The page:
The Vitalacy Automated Hand Hygiene Monitoring Solution enables hospitals to meet all of these standard requirements.
Electronic monitoring is key to closing one of the identified gaps in hospital performance: the under-sampling of observations. There is a consensus that the number of observations in most facilities in too low (Boyce, 2017; Gould et al., 2017; McCalla et al.; 2017; Vitalacy, 2019).
When care providers are not being directly observed, compliance drops off, due to the Hawthorne effect. Simply put, the Hawthorne effect – the alteration of behavior by the subjects of the study due to their awareness of being observed – greatly increases estimated hand hygiene compliance rates. Studies show the overestimation to be as high as 300 percent because compliance drops off significantly when healthcare workers are not directly observed, and most hand hygiene events are not directly observed (Hagel et al., 2015; Srigley et al., 2014). The CDC (2017) estimates that on average healthcare providers wash their hands less than half of the times they should.
Leapfrog plans to score and publicly report the new hand hygiene practice standard in 2020
In 2020, Leapfrog anticipates scoring and publicly reporting the new hand hygiene practice standard, which will replace Safe Practice 19 in the 2020 Leapfrog Hospital Survey and Hospital Safety Grade in fall 2020. Hospitals will earn different scores for the following scenarios:
● Electronic Compliance Monitoring System only
● Direct Observation only
● Electronic Compliance Monitoring System + Direct Observation
Read more about the Leapfrog Group’s new hand hygiene practice standards and learn how Vitalacy can help you meet them by scheduling a complimentary platform demonstration.
Boyce JM. State of the Science Review: Electronic monitoring in combination with direct observation as a means to significantly improve hand hygiene compliance. American Journal of Infection Control, May 2017;45(5):528-535.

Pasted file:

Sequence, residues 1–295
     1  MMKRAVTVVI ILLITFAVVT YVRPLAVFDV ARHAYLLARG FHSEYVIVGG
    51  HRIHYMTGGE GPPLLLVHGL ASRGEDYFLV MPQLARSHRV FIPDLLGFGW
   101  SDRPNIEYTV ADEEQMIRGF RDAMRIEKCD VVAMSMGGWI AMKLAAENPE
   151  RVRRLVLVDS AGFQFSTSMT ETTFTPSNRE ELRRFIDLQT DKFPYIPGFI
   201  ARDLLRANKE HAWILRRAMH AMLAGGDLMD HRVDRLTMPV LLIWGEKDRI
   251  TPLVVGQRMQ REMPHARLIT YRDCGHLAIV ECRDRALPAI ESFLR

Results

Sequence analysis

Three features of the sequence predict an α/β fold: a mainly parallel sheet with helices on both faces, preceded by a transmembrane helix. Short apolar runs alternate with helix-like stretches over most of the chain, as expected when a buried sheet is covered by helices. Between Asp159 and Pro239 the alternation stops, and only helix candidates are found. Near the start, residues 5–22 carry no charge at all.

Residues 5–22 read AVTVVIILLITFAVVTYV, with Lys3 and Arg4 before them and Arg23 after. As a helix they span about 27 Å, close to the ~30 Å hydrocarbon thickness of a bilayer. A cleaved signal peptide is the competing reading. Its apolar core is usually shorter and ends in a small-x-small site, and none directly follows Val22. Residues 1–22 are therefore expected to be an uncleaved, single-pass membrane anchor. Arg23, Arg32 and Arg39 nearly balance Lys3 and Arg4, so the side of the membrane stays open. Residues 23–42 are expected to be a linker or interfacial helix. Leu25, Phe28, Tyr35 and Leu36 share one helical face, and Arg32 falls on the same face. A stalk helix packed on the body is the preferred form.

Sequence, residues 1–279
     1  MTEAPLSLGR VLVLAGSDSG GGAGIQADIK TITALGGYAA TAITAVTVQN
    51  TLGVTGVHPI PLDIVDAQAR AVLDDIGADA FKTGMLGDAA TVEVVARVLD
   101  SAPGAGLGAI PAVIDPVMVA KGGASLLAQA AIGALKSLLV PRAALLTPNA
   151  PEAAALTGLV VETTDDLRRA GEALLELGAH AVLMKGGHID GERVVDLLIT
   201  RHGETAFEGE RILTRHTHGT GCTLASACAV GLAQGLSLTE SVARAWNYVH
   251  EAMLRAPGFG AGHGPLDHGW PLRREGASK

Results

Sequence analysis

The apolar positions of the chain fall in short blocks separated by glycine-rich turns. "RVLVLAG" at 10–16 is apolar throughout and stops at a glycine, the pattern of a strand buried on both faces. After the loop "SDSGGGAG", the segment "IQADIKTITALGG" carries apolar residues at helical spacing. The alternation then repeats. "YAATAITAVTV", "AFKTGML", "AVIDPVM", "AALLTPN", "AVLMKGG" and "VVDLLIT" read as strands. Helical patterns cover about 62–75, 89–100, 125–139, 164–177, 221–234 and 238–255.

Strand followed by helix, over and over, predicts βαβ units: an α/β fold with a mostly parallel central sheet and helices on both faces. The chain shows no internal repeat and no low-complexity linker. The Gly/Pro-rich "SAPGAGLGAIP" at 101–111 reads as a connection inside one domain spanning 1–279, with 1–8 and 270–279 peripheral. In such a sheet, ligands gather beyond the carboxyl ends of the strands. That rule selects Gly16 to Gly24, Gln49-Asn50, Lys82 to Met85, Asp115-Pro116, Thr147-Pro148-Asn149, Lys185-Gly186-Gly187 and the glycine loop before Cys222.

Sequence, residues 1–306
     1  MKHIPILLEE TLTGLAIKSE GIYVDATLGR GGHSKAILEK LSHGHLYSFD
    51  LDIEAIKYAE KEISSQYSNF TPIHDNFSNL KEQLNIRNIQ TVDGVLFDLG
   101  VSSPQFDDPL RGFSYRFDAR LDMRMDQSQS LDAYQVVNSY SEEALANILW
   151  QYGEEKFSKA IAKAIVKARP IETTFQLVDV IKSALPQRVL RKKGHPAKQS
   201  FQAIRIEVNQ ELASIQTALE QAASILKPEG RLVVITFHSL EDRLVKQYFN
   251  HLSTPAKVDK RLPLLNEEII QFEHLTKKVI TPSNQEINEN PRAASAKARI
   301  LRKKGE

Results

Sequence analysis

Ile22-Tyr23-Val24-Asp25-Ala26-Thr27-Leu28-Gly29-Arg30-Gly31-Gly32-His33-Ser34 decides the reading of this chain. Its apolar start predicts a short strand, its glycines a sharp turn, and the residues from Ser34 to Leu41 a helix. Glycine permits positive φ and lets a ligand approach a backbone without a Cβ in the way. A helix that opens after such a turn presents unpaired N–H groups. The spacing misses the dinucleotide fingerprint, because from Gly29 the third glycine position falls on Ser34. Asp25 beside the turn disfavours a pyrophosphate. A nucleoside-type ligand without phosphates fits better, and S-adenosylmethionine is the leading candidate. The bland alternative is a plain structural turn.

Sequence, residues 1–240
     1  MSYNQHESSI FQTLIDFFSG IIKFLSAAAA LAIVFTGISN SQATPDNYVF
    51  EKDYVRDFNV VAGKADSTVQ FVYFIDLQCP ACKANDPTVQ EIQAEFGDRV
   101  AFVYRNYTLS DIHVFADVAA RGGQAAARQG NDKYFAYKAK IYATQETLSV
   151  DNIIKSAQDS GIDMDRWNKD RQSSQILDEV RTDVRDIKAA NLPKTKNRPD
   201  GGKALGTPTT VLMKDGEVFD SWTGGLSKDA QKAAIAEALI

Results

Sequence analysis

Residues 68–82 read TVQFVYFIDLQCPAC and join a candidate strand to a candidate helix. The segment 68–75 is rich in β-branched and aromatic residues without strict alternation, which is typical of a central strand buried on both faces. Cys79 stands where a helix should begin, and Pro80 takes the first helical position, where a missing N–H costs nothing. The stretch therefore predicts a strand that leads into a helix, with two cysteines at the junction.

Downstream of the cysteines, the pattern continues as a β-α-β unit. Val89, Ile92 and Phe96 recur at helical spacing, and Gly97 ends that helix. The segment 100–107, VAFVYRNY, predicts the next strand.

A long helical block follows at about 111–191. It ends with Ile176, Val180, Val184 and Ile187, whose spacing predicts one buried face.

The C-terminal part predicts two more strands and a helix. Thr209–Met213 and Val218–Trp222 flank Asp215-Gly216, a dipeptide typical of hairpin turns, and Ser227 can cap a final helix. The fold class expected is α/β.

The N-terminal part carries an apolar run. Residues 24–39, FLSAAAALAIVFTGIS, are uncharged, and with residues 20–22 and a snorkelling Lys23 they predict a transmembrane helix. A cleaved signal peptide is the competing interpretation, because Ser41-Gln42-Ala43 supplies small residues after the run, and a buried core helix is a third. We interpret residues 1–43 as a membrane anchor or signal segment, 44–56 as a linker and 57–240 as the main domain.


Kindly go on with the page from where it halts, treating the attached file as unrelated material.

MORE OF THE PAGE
Centers for Disease Control and Prevention (CDC). Clean hands count for safe healthcare. (2017).
Gould D, et al: Impact of observing hand hygiene in practice and research: a methodological reconsideration. Journal of Hospital Infection, 2017;95(2):169-174.
Hagel S, et al: Quantifying the Hawthorne effect in hand hygiene compliance through comparing direct observations with automated hand hygiene monitoring, Infection Control and Hospital Epidemiology, August 2015;38(8):957-62.
Kelly JW, et al: Electronic hand hygiene monitoring as a tool for reducing health care-associated methicillin-resistant Staphylococcus aureus infection. American Journal of Infection Control, 2016McCalla S, et al: An automated hand hygiene compliance system is associated with improved monitoring of hand hygiene. American Journal of Infection Control, May 2017;45(5):492-497.
McCalla S, et al: An automated hand hygiene compliance system is associated with improved monitoring of hand hygiene. American Journal of Infection Control, May 2017;45(5):492-497.
Pronovost P, et al: An intervention to decrease catheter-related bloodstream infections in the ICU. New England Journal of Medicine, 2006;355:2725-32.
Srigley JA, et al: Quantification of the Hawthorne effect in hand hygiene compliance monitoring using an electronic monitoring system: a retrospective cohort study, BMJ Quality & Safety, Dec. 2014;23(12):974-980.
Vitalacy, Inc. Finding new ways to prevent healthcare-acquired infections and conditions. Mar. 14, 2019.